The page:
The June meeting of the Community Input Group will be different than our usual meeting. Instead of one part with updates from FMC and the agencies and the second part a discussion between CIG members only, June's meeting will be devoted to a question and answer session with the agencies. The questions have been submitted to the EPA, DEC and DOH. They include many which have been asked by Middleport citizens over the years. The meeting will begin at 5:30 PM at the Masonic Hall and end around 7:30. The usual lite meal will be available. All citizens are welcome to attend. To review the questions, click on the "Read Full Article"
link below. It is expected the agencies will send their answers in advance so they can be reviewed prior to the meeting. When received, they will be posted on the site as well.
- In the past, residents believe they have not been considered in negotiations between the Agencies and FMC. Also comments expressed at open community sessions do not appear to have been considered or acted on. The residents are going to be the ones who have to live with whatever is decided. What are the agencies plans for public participation and consideration of our concerns?
- How will the agencies determine the final action level? Will it be the same for all properties?
- Will the agencies demand all residential properties have soil arsenic levels equal to or lower than 20 ppm regardless of any risk considerations or soil background level considerations?
- Do the agencies believe remediation of contaminated soil can only be accomplished by cutting down all the trees and removal of approximately 12 inches of soil on a property? What rights will a property owner have in the selection of a remediation alternative for his or her own property?
- How do the agencies plan to gain community acceptance of the decisions for Middleport and the final outcome of the remediation project?
- Will the Agencies place deed restrictions or other controls on a residential property where the owner declines to have their property remediated? If not, exactly what will happen to a property for which the owners have decided not to have a remediation carried out?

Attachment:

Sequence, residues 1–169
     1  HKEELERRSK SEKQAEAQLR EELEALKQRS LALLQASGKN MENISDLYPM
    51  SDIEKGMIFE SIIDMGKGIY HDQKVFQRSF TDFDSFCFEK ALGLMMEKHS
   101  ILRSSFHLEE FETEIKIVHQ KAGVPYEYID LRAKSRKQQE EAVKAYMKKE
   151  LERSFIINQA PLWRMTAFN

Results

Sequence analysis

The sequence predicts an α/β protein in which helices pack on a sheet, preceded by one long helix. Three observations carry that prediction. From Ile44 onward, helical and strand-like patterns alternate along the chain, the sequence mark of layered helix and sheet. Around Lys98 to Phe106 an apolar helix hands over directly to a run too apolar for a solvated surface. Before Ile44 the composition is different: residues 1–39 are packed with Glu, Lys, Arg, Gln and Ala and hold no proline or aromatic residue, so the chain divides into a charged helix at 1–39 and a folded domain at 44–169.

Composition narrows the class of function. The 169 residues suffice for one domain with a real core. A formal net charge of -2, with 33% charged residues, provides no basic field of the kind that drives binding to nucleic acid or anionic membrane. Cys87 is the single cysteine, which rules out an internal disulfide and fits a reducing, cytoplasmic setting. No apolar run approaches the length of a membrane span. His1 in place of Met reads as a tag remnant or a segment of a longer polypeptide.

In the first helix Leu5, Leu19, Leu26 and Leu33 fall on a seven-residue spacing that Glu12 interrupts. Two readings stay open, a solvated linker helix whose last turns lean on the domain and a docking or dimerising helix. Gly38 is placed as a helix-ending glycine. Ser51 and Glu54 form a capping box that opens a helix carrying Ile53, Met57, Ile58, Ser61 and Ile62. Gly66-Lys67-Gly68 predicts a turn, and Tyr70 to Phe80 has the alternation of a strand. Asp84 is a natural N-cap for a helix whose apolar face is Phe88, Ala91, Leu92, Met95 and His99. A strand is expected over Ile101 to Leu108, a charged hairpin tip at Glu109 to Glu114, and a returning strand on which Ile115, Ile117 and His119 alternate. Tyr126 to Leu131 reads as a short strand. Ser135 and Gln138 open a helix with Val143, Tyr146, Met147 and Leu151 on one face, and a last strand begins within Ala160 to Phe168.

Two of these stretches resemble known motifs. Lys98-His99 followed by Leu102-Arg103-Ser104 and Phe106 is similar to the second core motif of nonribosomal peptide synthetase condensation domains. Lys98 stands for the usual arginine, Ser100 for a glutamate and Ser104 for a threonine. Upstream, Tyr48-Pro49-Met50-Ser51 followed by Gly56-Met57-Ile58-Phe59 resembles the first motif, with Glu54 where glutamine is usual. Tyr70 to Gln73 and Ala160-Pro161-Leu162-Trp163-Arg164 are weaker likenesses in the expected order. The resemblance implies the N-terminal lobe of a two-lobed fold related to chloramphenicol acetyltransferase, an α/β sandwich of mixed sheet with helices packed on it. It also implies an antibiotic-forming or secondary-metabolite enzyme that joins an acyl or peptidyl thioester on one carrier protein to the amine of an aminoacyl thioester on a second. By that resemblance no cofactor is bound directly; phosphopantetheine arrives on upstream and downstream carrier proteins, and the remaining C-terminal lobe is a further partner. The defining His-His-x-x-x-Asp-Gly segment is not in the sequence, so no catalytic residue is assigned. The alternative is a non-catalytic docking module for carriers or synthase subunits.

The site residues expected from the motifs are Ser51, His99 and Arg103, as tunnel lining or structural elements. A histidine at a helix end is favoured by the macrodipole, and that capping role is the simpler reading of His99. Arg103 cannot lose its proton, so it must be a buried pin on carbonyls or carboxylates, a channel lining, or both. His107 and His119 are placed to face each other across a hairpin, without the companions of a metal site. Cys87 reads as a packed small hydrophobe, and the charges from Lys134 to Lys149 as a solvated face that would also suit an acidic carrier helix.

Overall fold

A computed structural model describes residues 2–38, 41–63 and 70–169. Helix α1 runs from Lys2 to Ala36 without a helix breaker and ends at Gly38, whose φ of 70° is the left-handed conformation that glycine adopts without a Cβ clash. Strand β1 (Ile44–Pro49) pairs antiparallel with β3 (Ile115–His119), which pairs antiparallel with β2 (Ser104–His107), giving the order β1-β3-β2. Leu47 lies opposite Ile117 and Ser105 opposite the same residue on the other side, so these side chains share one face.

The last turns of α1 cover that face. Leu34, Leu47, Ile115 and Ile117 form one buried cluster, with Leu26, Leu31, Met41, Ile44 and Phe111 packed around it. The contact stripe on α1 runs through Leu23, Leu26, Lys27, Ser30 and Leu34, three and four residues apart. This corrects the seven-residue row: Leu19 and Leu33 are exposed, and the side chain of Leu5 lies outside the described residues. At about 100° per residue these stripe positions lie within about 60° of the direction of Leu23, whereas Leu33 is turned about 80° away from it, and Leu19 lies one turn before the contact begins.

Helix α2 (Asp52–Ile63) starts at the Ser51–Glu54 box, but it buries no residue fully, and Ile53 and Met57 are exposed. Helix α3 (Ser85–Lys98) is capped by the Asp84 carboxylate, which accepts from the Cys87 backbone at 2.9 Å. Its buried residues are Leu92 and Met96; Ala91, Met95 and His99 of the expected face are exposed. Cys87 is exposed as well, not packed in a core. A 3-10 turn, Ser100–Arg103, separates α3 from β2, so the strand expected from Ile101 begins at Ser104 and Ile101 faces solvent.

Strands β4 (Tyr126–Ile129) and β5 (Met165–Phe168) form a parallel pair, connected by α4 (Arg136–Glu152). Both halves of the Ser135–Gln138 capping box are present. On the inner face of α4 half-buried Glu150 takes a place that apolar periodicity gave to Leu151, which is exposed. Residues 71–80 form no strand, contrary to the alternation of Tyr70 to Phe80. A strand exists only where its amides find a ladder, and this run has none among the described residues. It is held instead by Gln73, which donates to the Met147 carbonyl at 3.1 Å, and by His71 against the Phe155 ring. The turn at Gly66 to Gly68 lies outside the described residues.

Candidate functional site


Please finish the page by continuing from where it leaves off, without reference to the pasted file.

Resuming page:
- Why is NYSDEC Albany controlling the project and not the local Region 9 office in Buffalo? Wouldn't this change enhance the communications between residents and the agencies?
- Why haven't the agencies recognized FMC's derived arsenic biovailability factor or their biomonitoring study and use the results in assessment of risk and possible cleanup levels?
- The NYS Brownfield Cleanup Program and Development of Soil Cleanup Objectives site the statistical 98th percentile for background calculations. Why do the agencies insist on using the statistical 95th percentile instead of the 98th when calculating arsenic background in Middleport?
- Arsenic is present at elevated levels in Middleport (due to past orchard use, pesticide spraying, etc.) therefore, isn't the local soil arsenic background level likely higher than 20 ppm regardless of any possible contribution by FMC?
- What is the reduction in human health risk if a residential property is reduced from an average contamination level of 40 PPM to 20 PPM of arsenic taking onto account other health risks that exist?
- Once an area is used as an orchard and arsenic containing pesticides historically used, won't the arsenic remain in the soil so that the theory "once an orchard, always an orchard' be valid when calculating the background level?
- Would a risk-based approach likely result in a higher soil arsenic "trigger level" or cleanup level than using a standard statewide cleanup level?
- The Agencies have failed to communicate the comparative risk of arsenic exposure to other "real" risks such as smoking etc. Aren't there other risks we should be more concerned about than arsenic buried in our soil?
- Wouldn't any additional RFI sampling requested by the Agencies cause a delay in the RFI/CMS process for Middleport properties?